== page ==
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This Month in SGN History: The March on Washington that dare not speak its name: National delegates clash over name, purpose, and structure

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The front page of Volume 20, Issue 4  

JANUARY 24, 1992

Dive into the archives of the SGN at https://issuu.com/sgn.org

The headline above is courtesy of Miriam Ben-Shalom, and succinctly sums up the enormous debate for a name for the National March on Washington.

The MOW planning meeting was held in Los Angeles the weekend of January 18-19. About 75 delegates from the various regions of the country decided on an official name and elected a steering committee.

Reminiscent of Seattle's own long Pride march moniker, the new name is the "1993 March on Washington for Lesbian/Gay/Bi Equal Rights and Liberation." The activists spent hours in contentious deliberations trying to settle upon a name. The main point of debate was over the question of whether to include the word "Bisexual" in the title.

Bisexuals came to the meeting very organized to advocate for the name change. They had received dozens of endorsements from major national leaders and organizations in support.

The delegates at the Los Angeles meeting were deeply divided over the issue. One reason for opposition to the change of the march name was that it would change the identity of the movement and the delegates weren't sure they had the right to do that.

Several people were opposed to the word "sexual," saying that it defined people too narrowly by their sexuality. Others voiced objections saying the inclusion of "Bisexual" would be divisive and alienate Lesbians and Gays from Midwestern and Southern regions. Still others felt that for the sake of continuity with the 1987 March on Washington for Lesbian and Gay Rights, and to simplify publicity sound bites, the name should stay the same.

The Bisexual contingent fought aggressively for their position. Rebecca Hensler, a self-described "Bisexual dyke" from San Francisco, was a leading proponent of the name change. "This is not a question of whether Lesbians and Gays are going to accept Bisexuals into their movement! We are in the movement. This room is not full of just lesbians and Gays."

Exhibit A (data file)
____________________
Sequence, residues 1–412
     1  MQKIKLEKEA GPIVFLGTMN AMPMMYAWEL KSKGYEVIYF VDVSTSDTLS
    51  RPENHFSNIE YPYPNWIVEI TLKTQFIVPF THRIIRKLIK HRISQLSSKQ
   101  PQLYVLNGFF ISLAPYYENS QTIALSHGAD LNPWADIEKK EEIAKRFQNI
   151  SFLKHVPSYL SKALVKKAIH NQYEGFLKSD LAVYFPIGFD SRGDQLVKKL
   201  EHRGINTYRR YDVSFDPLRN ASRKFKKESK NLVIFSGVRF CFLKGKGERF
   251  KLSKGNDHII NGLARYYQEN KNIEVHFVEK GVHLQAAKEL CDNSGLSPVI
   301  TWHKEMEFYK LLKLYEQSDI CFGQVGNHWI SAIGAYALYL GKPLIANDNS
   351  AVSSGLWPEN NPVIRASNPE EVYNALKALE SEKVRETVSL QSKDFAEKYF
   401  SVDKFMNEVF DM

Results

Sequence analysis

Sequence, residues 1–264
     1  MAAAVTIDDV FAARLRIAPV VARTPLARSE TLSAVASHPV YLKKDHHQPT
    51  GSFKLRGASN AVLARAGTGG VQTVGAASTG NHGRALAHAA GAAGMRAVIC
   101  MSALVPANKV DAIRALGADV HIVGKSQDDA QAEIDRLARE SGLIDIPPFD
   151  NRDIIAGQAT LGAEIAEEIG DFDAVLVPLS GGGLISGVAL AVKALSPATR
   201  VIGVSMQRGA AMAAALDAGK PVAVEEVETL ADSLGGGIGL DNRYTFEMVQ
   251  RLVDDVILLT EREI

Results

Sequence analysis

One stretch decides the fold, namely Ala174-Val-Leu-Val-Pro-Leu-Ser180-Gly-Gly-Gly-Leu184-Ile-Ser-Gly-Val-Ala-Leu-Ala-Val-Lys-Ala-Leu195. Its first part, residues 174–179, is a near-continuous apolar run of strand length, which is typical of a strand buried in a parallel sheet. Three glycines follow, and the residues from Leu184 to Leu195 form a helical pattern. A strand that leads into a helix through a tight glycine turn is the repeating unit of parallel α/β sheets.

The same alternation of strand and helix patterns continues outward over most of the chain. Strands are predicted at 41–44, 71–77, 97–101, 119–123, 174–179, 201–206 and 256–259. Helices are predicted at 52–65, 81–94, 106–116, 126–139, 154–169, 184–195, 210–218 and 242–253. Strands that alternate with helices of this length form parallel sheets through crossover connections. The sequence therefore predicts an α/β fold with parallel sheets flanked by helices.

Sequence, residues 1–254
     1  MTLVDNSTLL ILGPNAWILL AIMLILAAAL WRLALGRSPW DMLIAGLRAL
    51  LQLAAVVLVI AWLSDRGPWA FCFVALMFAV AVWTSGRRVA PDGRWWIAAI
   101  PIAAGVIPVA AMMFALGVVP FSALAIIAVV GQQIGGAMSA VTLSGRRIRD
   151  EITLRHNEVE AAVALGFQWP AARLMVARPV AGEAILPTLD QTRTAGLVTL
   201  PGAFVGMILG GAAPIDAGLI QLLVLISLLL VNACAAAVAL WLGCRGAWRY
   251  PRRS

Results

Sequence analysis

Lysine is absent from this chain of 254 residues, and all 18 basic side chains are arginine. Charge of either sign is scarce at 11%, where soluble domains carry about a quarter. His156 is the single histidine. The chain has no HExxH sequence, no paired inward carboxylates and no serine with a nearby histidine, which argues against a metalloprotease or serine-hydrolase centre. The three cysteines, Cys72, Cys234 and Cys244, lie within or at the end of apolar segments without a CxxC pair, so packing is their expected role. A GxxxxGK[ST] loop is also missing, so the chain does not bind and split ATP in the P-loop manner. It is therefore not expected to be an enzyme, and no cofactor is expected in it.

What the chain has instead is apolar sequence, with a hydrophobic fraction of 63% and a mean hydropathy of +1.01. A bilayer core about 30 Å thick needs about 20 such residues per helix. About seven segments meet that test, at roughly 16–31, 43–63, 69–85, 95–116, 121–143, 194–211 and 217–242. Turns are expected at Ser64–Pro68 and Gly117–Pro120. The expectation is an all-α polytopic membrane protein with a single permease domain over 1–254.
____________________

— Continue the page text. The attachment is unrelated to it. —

Several Seattle groups sent endorsements for the inclusion of Bisexuals in the title, including Lambert House, Queer Nation, Seattle Bisexual Men's Union, Lesbian Mothers National Defense Fund, People of Color Against AIDS Network, American Friends Service Committee, Beyond the Closet Bookstore, University of Washington Lesbian and Gay Commission, Seattle Municipal Elections Committee, Puget Sound Gay, Lesbian, and Bisexual Veterans of America, and Seattle Bisexual Women's Network.

To make all this debate even more interesting, the Seattle delegation led a discussion on the inclusion of transsexuals and transgenderal people in the title. Seattle has a large transgender community largely due to the presence of the Ingersol [sic] Institute. Two Seattle transgender activists were present at the Los Angeles meeting, Princess LaRouge and Kaz.

Seattle delegates felt if the name was going to be changed on the principle of 'inclusion,' transgender people should then be named as well.

Several people were opposed to the name including transgender on the grounds that it would play into the hands of opponents of the Gay and Lesbian community.

Several other discussions went on simultaneously. Queer Nationalists threw out the idea of a March on Washington for Queer Liberation. Most of the delegates recognized that "queer" was a word that many Gays, Lesbians, Bisexuals, and transgendered people are not able to identify with.

There was also a debate on "why we are marching." Some of the suggestions were liberation, rights, human rights, civil rights, justice, unity, and freedom.

The word "liberation" harkens back to the Gay liberation movement and reflects that our liberation is more than a matter of passing laws, speakers said. One Black activist pointed out that Blacks have passed civil rights legislation but not yet achieved liberation.

Other activists gravitated toward the term "equal rights." They said that opponents of Gay/Lesbian/Bi rights accuse the community of wanting "special rights," and that using the words "equal rights" would emphasize the fact that the movement is seeking only what is guaranteed to citizens under the constitution.

The final result of all these discussions was transgendered people were not named in the title. The word Bi, as opposed to Bisexual, was included in the title. And both "equal rights" and "liberation" were included in the title.

This article was edited for length. To view the original article in full, visit Washington Digital Newspapers